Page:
The AICPA and CIMA recently released a document which they hope will lead to the creation of a set of Global Management Accounting Principles. You can find the document along with other information on the effort here. The Principles are expected to help organizations make the best decisions and at the same time improve the understanding of the professionalism of the management accountant.
The document defines three overarching principles:
- Preparing relevant information
- Modelling value creation
- Communicating with impact
It talks about how they are relevant in the performance management cycle and business model and then focuses on how they apply to 12 management accounting practice areas which are:
- Cost transformation and management
- External reporting
- Financial controls
- Investment appraisal
- Price and product decisions
- Project management
- Regulatory adherence and compliance
- Resource allocation
- Risk management
- Strategic tax management
- Treasury and cash management
The AICPA and CIMA are asking for feedback, so if you have something to say on this topic they would love to hear from you by May 10, 2014.
The International Federation of Accountants (IFAC) Professional Accountants in Business (PAIB) recently held their Fall meeting in Beijing, China. Unlike New Delhi India which I visited in 2012, China is a thoroughly modern country in every way. The infrastructure is amazing, but it is so much more than that. The professional accountants I met understand their businesses, the global economy and the important role PAIBs can play in the future of both.
The China Institute of CPAs (CICPA) has over 200,000 members and is likely to rival the AICPA for the largest professional accounting body in the world in the next 10-20 years. Currently their focus is on developing a thriving and large public accounting industry. They are doing this through the resources offered by IFAC to every professional accounting organization in the world. IFAC sets international standards for audits, education and ethics. The CICPA has translated all of these into Chinese (no small feat) and has used them to create a true profession from nothing in in 25 years.
While the CICPA is not yet focusing on PAIBs, roughly half of its members are PAIBs. Those members are much like the AICPA PAIBs until a couple of years ago, a large unheard, under-appreciated section of membership. The AICPA took decades, but has finally delivered with the CGMA. The recognition and resources now afforded to PAIBs in the AICPA are only rivaled by those offered to PAIBs in CIMA, because after all we are all CGMAs – 140,000 strong. But if China can create an accounting profession in 25 years, then I have no doubt once they put their minds to helping PAIBs, they will do so with the same speed and efficiency that has propelled them to international prominence in everything else they do.
For now we are number one, but it is going to take significant continuing efforts by staff, volunteers and every credential holder to ensure that CGMAs remain the best Professional Accountants in Business.
The AICPA had its traditional Spring council meeting in Washington at the beginning of a new Congress, this time the 113th Congress. We now have 10 CPAs in Congress with two more added to the mix in the 2012 election. We got to hear from these two newest CPA members of Congress at the Council meeting. As you would expect from CPAs they are looking for ways to get the financial mismanagement of the Federal Government back under control and accomplish some of those basic things like actually passing a budget and brining attention to the long-term structural issues that we have to deal with if we are to truly put the Federal Government on a sound financial path forward. It was actually heartening to see that one was a Democrat and one was a Republican. Our fiscal crisis is a crisis caused by both parties and it must be solved by both parties. Listening to their down to earth problem solving analysis one has to wonder if we would even be in this mess if instead of having 10 CPAs and 225 Lawyers, we had 225 CPAs and only 10 Lawyers in Congress.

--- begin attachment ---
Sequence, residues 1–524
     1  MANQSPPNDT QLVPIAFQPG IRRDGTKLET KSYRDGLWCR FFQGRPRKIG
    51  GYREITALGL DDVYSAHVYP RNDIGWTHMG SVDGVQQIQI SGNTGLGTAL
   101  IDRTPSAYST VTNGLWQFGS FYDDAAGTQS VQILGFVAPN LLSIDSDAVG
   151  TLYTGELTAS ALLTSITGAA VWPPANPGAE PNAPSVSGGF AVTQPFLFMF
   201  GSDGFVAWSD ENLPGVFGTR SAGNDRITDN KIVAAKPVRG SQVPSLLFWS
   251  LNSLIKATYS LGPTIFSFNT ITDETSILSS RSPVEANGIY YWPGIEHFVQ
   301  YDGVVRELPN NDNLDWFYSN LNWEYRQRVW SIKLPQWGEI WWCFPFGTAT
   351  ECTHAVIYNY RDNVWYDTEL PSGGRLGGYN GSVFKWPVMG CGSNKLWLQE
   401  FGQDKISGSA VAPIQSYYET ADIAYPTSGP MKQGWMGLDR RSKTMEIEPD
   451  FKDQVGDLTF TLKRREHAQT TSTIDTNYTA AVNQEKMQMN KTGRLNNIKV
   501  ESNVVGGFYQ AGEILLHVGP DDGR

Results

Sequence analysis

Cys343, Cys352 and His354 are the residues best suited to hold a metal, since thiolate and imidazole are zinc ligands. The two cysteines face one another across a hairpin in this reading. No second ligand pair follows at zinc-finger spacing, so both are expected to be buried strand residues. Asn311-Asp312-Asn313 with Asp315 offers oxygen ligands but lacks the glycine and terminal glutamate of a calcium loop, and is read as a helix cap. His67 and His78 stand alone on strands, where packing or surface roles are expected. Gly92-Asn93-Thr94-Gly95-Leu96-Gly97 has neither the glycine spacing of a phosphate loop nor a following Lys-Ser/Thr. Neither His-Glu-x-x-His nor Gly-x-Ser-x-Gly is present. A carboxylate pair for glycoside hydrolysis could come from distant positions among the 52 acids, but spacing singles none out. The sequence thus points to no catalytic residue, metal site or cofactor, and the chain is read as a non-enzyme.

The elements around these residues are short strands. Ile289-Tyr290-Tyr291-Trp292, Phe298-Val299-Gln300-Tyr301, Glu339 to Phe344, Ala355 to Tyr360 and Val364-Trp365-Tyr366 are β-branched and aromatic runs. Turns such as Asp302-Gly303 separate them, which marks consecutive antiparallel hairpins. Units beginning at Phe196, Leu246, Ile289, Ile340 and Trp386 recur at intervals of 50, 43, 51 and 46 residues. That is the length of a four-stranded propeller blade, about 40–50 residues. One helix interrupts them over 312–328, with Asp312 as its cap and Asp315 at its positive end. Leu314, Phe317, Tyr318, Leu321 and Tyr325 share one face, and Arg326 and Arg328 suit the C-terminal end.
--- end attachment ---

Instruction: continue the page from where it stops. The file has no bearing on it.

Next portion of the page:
Members of Council from every state “went to the Hill” to meet with their Congressmen and Senators and ask for their support for three pieces of legislation.
- The Employee Mobility Act to set a safe harbor period of 30 days before an employee working in another state becomes subject to that state’s income tax withholding and reporting requirements.
- The Tax Return Due Dates Act which changes dues dates for several forms and puts them in a logical order so that forms that are needed to file subsequent forms, such as K-1s are due before the subsequent forms are required.
- The Municipal Advisor Act which would exempt CPAs doing normal CPA work such as compilations and assurance work would not be considered advisors to municipalities issuing bonds.
We also offered our help on tax reform with a number of common sense suggestions like bringing together the 15 different education credits and the many different deductions and exemptions into one coherent system.
We did take care of some business at the meeting too. The council voted to authorize the issuance of AICPA credentials such as CFF, PFS, ABV and CITP outside of the United States (the CGMA is already offered across the world). We will work with our partner CIMA and other national accounting organizations that have comparable ethics, education and other requirements to the AICPA. This is a way to increase the value of these credentials for all of our members by making them valued around the world.
Finally I had the privilege of being part of a panel that discussed the CGMA credential. What it means, what it is worth and what CGMAs bring to a business that is different from other “accountants.” Serving on the panel reminded me of the great career I have had because I joined a profession that is willing to look to the future and make the changes to stay relevant in this ever changing world.